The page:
My husband was born and raised in Tucson, Arizona. I was born and raised (mostly) in Louisville, Kentucky. We met on the Internet in the Spring of 1997. It was a whirlwind romance. By December 1997 I had moved to Arizona to be with him. In February 1998 we were married. We moved back to Louisville in October 1999 to be closer to my family. In 2006 we decided it was time to go back and visit his parents in Tucson. We realized we missed not only his family, but Arizona as well. So now we make a yearly pilgrimage to Tucson.
There are a few things that I absolutely love about Arizona; the weather, the scenery, and especially the mountains.
In Tucson, you are surrounded by mountains on every side. To the north you have the Catalina Mountains, to the east you have the Rincon Mountains, to the south you have the Santa Rita Mountains, and to the west you have the Tucson Mountains. The Catalina Mountains, particularly Mount Lemmon, are the tallest and most accessible range. You can travel the Catalina Highway to the top of Mount Lemmon where you will find Summerhaven and Ski Valley. Along the highway you will find pullouts for scenic and picnic areas. The Catalina Mountains are approximately 9000 feet high. As you travel the Catalina Highway you start in the desert and work your way up to an evergreen forest. When I lived in Tucson, the Catalinas were my way of having a small piece of Kentucky in Arizona. If it is 100 degrees in Tucson, it is 70 degrees in Summerhaven. In the winter there is often snow on Mount Lemmon.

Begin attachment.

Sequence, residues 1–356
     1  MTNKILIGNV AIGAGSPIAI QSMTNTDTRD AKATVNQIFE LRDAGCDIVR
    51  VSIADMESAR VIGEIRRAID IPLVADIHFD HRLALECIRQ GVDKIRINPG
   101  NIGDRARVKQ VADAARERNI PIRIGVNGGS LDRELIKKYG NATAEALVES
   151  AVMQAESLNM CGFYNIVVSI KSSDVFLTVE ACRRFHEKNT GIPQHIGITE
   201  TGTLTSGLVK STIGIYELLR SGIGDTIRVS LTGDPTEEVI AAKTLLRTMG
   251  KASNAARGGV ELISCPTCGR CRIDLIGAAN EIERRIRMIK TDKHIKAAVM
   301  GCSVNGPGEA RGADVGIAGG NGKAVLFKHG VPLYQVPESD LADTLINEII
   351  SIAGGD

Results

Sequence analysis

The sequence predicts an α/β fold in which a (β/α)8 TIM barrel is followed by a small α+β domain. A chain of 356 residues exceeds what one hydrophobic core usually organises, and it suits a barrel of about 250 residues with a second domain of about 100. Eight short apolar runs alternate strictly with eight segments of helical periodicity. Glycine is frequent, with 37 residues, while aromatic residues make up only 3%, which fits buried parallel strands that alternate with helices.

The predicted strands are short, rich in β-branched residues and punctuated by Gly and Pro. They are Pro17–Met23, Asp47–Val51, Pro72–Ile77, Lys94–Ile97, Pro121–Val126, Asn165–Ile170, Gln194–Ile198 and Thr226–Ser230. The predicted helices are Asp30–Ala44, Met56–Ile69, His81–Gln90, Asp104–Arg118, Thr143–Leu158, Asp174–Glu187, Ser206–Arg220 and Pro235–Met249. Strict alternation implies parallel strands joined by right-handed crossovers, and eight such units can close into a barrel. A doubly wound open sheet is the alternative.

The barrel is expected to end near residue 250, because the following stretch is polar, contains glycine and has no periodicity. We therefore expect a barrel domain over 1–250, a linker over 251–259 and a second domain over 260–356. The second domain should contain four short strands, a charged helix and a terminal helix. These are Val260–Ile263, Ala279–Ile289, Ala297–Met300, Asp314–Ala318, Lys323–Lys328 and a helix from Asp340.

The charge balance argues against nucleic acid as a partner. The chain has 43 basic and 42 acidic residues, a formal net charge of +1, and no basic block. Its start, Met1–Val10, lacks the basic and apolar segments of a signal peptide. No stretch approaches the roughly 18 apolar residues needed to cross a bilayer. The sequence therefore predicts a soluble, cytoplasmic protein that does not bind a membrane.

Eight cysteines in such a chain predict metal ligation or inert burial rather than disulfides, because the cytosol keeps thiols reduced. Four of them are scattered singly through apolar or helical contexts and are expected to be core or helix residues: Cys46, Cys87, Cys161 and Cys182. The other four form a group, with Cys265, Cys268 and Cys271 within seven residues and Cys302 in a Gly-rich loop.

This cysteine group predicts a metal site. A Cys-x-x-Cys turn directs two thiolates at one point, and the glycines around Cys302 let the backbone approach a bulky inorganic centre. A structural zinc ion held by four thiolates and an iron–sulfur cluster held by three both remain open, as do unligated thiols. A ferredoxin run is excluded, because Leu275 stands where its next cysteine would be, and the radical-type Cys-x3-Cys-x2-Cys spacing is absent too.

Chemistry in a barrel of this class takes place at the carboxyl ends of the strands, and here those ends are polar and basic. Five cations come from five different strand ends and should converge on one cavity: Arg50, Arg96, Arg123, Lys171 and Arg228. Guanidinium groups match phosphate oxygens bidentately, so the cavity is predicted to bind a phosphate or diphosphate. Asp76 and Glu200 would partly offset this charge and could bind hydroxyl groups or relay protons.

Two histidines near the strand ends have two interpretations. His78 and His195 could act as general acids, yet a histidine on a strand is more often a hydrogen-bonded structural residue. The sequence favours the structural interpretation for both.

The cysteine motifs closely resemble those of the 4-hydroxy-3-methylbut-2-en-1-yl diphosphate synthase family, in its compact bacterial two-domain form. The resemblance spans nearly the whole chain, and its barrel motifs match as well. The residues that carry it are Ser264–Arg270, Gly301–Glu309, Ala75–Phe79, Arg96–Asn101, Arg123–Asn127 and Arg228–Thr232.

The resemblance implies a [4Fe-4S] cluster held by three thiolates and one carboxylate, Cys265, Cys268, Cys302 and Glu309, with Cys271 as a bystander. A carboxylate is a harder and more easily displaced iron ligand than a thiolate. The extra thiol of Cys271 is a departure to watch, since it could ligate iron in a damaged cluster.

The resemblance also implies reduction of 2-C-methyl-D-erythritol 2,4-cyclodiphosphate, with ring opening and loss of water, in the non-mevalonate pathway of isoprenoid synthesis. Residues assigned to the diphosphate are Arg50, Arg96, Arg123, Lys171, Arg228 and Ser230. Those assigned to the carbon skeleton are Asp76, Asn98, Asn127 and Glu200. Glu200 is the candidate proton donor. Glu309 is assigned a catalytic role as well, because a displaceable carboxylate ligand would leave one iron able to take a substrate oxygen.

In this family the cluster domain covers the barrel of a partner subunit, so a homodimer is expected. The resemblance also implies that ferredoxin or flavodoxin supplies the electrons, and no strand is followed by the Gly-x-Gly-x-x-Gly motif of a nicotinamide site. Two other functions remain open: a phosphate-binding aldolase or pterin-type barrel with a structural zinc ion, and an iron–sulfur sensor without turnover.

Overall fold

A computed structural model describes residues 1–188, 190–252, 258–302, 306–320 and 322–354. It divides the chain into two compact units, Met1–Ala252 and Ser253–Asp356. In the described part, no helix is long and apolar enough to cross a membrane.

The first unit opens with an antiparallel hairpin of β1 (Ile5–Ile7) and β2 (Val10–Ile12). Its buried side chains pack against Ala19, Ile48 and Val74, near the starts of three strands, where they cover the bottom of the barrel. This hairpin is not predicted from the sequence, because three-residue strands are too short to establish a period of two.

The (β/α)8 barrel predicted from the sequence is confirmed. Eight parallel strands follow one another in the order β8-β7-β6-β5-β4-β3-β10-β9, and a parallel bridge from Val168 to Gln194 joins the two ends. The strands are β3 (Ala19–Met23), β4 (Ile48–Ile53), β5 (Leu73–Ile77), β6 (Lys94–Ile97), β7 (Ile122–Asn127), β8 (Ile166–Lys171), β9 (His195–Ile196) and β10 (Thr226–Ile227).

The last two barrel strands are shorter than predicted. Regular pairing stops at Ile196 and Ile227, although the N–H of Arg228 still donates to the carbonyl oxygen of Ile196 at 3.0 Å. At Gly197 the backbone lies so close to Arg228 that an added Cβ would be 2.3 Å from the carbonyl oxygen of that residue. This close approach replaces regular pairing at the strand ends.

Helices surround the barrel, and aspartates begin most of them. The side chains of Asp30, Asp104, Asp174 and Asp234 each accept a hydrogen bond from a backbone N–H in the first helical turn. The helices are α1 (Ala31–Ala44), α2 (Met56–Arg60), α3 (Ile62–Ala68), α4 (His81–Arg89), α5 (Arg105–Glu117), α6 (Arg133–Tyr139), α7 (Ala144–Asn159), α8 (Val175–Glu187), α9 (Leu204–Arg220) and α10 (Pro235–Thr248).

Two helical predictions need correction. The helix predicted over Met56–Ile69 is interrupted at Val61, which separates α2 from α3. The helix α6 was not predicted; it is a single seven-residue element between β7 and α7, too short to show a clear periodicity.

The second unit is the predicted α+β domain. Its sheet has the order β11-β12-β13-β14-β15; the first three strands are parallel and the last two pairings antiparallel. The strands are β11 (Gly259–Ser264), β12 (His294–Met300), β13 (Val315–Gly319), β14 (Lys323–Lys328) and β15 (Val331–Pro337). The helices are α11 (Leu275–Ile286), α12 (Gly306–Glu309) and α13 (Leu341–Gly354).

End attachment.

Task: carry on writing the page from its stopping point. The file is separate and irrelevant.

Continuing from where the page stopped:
The last photo was taken at the Babad Doag pullout on the Catalina Highway. This is one of the first scenic pullouts on the highway. We had spent a few hours traveling up and down the mountain and decided to wait there for the sunset. I just love the way the rays of sunlight are splashing over the city. As we were leaving the mountain and got to the bottom of the foothills, the skyline lit up with oranges, pinks, and reds. I had to pullover to the side of the road to take the first two photographs.
Sunsets like these are a fairly common occurrence in the Arizona desert.